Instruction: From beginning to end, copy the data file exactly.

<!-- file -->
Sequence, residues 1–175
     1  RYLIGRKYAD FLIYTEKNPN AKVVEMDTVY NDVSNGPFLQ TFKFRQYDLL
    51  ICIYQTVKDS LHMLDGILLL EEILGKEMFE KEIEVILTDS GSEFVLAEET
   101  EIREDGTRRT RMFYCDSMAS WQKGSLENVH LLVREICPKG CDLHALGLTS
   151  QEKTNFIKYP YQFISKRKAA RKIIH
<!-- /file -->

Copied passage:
Sequence, residues 1–175
     1  RYLIGRKYAD FLIYTEKNPN AKVVEMDTVY NDVSNGPFLQ TFKFRQYDLL
    51  ICIYQTVKDS LHMLDGILLL EEILGKEMFE KEIEVILTDS GSEFVLAEET
   101  EIREDGTRRT RMFYCDSMAS WQKGSLENVH LLVREICPKG CDLHALGLTS
   151  QEKTNFIKYP YQFISKRKAA RKIIH